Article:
Meanwhile, Oliver, whom Tedlock affectionately calls “Poppa Ted, “ baptized her and assured her that she would be the first to call the women’s center home as soon as it opened.
Eleven months later, the dream has become a reality.
“I was thinking about it this morning,” Tedlock said. “I woke up and I don’t have this heavy weight on my shoulders of if I’m going to make rent. I was at a motel for four months before this opened. It’s a big relief to know my son has a roof over his head.”
Also among the new residents is Amber Collier, who finished a six-month stay in state jail last Tuesday and immediately looked into moving into the women’s center. She said she had heard of ARM through her sister in-law before she was arrested, but wasn’t ready, at the time, to seek help. Now that she has been to jail, Collier said she is ready to make a change.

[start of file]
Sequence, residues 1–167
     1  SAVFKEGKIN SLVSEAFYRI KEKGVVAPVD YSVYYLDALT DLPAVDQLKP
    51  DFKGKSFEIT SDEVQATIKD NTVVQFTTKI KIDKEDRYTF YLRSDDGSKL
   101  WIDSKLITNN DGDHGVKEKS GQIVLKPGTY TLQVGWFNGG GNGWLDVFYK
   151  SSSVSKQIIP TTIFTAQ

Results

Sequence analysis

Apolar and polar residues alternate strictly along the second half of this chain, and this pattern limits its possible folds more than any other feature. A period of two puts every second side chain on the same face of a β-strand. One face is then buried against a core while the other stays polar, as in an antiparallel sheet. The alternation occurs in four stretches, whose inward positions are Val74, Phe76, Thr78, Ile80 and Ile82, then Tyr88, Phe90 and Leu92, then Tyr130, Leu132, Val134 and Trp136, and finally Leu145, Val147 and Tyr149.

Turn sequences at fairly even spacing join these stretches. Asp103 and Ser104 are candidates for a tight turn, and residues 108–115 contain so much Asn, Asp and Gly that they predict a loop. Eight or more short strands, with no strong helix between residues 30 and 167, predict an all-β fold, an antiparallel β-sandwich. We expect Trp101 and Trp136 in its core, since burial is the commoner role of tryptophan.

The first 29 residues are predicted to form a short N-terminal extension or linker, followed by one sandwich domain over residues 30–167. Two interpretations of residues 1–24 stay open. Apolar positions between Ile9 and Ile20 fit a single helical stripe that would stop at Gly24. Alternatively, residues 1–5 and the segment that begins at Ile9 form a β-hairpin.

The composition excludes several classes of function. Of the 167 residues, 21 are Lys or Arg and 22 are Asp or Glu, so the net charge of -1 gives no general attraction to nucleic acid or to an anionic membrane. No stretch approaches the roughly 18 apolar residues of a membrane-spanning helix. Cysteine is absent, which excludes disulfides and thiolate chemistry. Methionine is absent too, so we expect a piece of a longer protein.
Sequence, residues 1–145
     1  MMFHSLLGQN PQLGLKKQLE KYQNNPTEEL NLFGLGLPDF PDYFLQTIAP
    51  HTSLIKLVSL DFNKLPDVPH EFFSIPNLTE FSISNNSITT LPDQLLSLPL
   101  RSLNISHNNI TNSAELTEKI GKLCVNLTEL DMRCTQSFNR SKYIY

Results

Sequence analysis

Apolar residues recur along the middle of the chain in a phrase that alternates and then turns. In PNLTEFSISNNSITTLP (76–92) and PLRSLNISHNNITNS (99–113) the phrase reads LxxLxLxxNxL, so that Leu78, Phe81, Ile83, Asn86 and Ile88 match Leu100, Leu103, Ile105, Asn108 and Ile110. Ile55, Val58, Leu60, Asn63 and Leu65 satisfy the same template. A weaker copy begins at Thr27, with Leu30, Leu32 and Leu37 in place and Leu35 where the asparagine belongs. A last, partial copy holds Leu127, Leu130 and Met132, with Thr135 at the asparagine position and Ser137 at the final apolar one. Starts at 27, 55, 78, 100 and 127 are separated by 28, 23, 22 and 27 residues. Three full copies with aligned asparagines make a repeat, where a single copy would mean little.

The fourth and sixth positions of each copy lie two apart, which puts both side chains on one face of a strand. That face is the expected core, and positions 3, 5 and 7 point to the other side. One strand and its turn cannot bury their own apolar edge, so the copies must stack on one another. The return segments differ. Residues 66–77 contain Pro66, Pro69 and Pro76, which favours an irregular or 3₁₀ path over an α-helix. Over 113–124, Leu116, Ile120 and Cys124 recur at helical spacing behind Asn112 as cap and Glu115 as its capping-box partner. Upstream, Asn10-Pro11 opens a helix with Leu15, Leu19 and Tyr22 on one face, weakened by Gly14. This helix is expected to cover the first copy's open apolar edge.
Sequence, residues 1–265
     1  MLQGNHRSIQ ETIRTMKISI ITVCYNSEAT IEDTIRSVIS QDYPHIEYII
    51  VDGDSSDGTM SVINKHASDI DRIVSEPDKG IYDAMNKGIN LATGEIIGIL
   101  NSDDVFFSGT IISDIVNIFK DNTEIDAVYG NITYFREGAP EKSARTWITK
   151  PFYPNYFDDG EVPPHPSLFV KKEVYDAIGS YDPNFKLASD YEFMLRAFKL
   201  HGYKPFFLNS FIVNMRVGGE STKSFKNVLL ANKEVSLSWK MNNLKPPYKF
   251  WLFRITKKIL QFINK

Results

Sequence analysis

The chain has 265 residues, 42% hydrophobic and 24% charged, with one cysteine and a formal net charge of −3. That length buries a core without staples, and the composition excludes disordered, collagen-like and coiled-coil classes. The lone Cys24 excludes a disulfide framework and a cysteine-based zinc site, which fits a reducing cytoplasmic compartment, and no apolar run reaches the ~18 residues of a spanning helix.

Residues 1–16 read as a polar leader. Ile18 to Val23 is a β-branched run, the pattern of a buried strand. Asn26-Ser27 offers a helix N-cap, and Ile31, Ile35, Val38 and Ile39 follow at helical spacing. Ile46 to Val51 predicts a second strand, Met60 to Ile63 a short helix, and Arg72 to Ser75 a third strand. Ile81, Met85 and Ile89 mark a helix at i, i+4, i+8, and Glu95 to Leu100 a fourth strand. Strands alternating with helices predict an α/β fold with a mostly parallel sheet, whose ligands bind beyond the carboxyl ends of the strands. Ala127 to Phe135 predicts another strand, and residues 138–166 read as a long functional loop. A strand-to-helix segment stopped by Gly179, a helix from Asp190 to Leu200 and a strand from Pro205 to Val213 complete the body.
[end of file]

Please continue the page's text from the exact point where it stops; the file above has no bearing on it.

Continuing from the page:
“I’m tired of that life,” she said. “I’m going to work on doing better. It feels good to be getting something good going for people. We’re excited to see it grow.”
Like Tedlock, Collier also has children and said she is working on reuniting with them and getting them moved into the center as she starts a new life.
Although the women’s center is open, the process has not been without bumps in the road. Live-in Residential Administrator Emily Bean said she and the other residents found out the evening before the center opened that they would be moving in. She and her husband quickly found themselves thrust into the situation, albeit a situation they were eager to undertake.
“I’ve had to be really flexible,” she said. “But once it happened, everyone was calm and it felt really peaceful and right. It didn’t feel like chaos. We really fell into a natural rhythm.”